New study gives first verifiable death toll at Cold War East German borders

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New study gives first verifiable death toll at Cold War East German borders
Border guards in Marienborn, Saxony-Anhalt in 1989. Photo: DPA.

Nearly three decades after the fall of the Berlin Wall and the reunification of Germany, a new study sheds light on the long-unknown number of people who died at the strict border controls of the communist East German regime.


The five-year-long research by Berlin’s Free University reveals that 327 people died at internal German borders between former East and West Germany.

This is the first verifiable count for the number of dead, announced on Wednesday by the research group SED-Staat, referring to East Germany’s sole party, the Socialist Unity Party (SED).

The 327 victims came from both East and West Germany, and the vast majority (80 percent) were younger than 35 years old. The youngest victim was six-month-old Emanuel Holzhauer, who died of asphyxiation next to his parents inside the trunk of a car as they were being smuggled into the West from the GDR (East Germany).

“These borders were, if cynicism is allowed, even more brutal than the Berlin Wall,” said project leader Prof. Klaus Schroeder.

“People who stepped on landmines [at the border] were mangled, some not seen in the undergrowth, and then months later their skeletal bodies were found.”

Another project in 2009 found at least 139 people who were killed at the Berlin Wall, which blocked off West Berlin - geographically located inside the East - from the surrounding Soviet satellite state.

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The new tally includes death up and down the nearly 1,400 kilometre border between the two Germanies.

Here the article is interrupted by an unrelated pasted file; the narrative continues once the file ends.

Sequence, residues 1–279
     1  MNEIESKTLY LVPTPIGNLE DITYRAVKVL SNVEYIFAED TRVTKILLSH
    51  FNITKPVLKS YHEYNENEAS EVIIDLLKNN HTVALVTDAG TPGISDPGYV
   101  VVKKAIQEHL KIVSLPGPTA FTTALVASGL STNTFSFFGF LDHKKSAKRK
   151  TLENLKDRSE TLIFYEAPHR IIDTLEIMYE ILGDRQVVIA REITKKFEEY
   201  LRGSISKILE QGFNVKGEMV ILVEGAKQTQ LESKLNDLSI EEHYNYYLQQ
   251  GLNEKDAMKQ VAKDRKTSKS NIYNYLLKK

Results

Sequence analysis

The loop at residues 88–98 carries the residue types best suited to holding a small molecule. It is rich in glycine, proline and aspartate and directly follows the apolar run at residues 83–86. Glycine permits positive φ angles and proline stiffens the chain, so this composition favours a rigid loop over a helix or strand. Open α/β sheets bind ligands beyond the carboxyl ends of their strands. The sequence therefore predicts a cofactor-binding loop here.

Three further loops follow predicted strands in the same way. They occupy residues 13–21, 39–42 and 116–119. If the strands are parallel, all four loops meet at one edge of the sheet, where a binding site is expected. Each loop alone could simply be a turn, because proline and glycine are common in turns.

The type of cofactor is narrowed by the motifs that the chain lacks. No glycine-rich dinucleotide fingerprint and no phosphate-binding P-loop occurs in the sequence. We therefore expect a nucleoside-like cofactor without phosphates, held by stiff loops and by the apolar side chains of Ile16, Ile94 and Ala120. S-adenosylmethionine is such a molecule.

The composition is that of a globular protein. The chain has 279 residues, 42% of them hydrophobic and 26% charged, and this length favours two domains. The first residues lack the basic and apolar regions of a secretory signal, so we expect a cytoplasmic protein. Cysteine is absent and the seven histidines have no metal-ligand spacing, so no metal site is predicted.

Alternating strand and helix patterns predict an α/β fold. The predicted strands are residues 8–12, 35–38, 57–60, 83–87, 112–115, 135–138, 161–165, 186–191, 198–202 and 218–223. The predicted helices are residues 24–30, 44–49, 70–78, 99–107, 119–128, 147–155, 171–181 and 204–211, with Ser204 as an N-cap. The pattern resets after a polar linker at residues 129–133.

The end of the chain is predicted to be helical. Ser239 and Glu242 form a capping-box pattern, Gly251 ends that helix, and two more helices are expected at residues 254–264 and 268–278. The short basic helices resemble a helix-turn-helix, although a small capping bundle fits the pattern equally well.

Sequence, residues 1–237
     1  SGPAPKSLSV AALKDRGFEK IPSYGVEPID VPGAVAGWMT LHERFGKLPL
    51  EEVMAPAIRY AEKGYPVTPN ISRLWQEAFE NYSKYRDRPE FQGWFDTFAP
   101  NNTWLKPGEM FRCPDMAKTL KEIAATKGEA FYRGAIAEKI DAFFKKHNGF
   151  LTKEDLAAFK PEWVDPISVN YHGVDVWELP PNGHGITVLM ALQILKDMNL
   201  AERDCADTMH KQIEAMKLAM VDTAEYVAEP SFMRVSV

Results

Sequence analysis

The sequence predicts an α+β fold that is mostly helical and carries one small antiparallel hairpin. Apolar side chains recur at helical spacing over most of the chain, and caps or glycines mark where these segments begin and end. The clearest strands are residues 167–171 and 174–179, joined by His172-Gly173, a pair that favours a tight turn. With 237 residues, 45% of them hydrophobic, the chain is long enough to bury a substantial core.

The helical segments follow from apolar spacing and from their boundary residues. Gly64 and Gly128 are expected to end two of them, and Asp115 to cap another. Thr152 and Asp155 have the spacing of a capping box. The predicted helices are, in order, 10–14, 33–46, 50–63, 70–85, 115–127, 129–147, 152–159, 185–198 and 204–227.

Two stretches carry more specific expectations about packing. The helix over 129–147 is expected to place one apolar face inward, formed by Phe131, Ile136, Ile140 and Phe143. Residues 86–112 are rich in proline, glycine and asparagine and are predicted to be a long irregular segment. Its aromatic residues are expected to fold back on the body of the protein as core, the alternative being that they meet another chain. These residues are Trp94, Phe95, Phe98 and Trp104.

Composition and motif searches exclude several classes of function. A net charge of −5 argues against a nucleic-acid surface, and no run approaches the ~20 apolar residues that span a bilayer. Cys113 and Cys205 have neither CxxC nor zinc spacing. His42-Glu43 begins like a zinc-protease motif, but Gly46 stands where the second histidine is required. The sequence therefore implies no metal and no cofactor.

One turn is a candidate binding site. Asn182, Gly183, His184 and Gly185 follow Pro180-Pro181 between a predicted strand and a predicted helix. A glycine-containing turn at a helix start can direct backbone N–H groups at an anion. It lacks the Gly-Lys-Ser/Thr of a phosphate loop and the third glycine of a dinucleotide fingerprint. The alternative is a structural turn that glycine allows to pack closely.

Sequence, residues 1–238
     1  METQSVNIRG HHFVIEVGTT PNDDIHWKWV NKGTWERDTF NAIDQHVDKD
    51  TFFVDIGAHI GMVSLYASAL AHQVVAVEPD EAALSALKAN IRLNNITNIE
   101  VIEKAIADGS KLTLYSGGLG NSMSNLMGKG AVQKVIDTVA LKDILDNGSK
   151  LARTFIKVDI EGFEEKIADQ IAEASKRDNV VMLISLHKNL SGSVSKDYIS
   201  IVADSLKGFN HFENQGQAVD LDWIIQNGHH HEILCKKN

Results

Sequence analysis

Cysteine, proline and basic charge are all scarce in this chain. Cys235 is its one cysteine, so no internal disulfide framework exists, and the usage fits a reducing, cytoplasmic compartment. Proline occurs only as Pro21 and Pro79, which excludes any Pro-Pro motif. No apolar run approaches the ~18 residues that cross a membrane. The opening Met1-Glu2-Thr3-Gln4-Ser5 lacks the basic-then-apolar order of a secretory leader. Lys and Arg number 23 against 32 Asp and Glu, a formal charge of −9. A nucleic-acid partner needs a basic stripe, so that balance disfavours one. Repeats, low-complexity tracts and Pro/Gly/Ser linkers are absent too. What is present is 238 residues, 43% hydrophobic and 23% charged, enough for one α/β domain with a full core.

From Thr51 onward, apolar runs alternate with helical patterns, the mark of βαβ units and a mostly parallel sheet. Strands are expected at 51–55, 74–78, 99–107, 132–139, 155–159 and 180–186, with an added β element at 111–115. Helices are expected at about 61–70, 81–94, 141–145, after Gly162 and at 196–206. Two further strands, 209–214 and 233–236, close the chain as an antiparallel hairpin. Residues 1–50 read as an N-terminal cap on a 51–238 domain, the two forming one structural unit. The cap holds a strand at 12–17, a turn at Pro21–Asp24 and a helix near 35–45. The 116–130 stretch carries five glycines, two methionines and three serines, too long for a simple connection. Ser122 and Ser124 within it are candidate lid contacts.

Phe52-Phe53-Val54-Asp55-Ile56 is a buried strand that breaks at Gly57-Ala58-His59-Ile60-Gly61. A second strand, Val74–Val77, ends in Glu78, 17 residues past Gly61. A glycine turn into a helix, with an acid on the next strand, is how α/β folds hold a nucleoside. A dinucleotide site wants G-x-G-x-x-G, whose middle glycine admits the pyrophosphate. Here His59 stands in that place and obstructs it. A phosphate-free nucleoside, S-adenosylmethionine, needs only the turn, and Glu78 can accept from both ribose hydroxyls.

German Culture and Media Commissioner Monika Grütters said that the new report gives the victims names and faces once again.

“We owe this to the people who lost their lives for freedom and self-fulfilment,” Grütters said.

The researchers meticulously combed through nearly 1,500 potential cases of deaths at the border between 1949 when the GDR was founded to 1989 when the Berlin Wall fell.

The oldest victim was an 81-year-old farmer from Lower Saxony, who in 1967 mistakenly stepped into a minefield.

“Landmines ripped off both of his legs. His slow death lasted over three hours,” the researchers wrote in their study. “He bled to death before the eyes of a GDR regimental doctor, who did not risk venturing into the mined border strip.”

Those who died were not just people who wanted to leave their homes in the East due to persecution or harassment. The experts investigated more than 200 cases of suicide by border officers, at least 44 of which were connected to troops' service.

“This was anything but a homogenous, armed group of troops,” said co-author Jochen Staadt.

“There were very many young, courageous men in the border troops, who refused to use their weapons against civilians.”

Grütters’ office funded the research project with €450,000. Despite multiple requests to all 16 state governments, Schroeder said only Saxony-Anhalt, Lower Saxony, and Hesse also helped the study effort, donating a total of €200,000.

The number of deaths due to the GDR's harsh borders has been a topic of debate in Germany. The Berlin Wall Museum at Checkpoint Charlie last year announced their own estimate to be as high as 1,800 deaths, which Staadt contested.

This discrepancy was in part due to things like the museum counting all border troop suicides, regardless of whether there was a direct connection to their service. 

Counting the number of deaths is difficult because the East German government did not keep such records, so researchers had to look through scattered archives.

Still to be thoroughly researched is the number of deaths of GDR citizens who fled over the Baltic Sea, or those who died going through Eastern bloc countries. Currently experts estimate this number to be 200 to 500 people together.

“If people are seeking freedom and self-determination,” said Staadt, “they will not be stopped by walls or barbed wire.”


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